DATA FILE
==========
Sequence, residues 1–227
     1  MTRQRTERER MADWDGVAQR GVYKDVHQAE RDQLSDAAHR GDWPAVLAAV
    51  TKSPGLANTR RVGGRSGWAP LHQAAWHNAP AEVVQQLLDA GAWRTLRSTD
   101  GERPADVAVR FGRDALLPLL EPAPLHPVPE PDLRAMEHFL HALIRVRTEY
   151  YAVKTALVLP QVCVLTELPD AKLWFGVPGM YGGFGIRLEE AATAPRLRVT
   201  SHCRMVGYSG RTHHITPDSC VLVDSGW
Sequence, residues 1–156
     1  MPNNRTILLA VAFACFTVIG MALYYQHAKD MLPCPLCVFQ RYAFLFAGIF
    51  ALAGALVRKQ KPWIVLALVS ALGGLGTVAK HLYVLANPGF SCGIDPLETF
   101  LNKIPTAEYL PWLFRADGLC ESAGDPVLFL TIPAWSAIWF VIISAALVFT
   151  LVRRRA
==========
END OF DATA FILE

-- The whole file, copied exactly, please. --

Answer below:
Sequence, residues 1–227
     1  MTRQRTERER MADWDGVAQR GVYKDVHQAE RDQLSDAAHR GDWPAVLAAV
    51  TKSPGLANTR RVGGRSGWAP LHQAAWHNAP AEVVQQLLDA GAWRTLRSTD
   101  GERPADVAVR FGRDALLPLL EPAPLHPVPE PDLRAMEHFL HALIRVRTEY
   151  YAVKTALVLP QVCVLTELPD AKLWFGVPGM YGGFGIRLEE AATAPRLRVT
   201  SHCRMVGYSG RTHHITPDSC VLVDSGW
Sequence, residues 1–156
     1  MPNNRTILLA VAFACFTVIG MALYYQHAKD MLPCPLCVFQ RYAFLFAGIF
    51  ALAGALVRKQ KPWIVLALVS ALGGLGTVAK HLYVLANPGF SCGIDPLETF
   101  LNKIPTAEYL PWLFRADGLC ESAGDPVLFL TIPAWSAIWF VIISAALVFT
   151  LVRRRA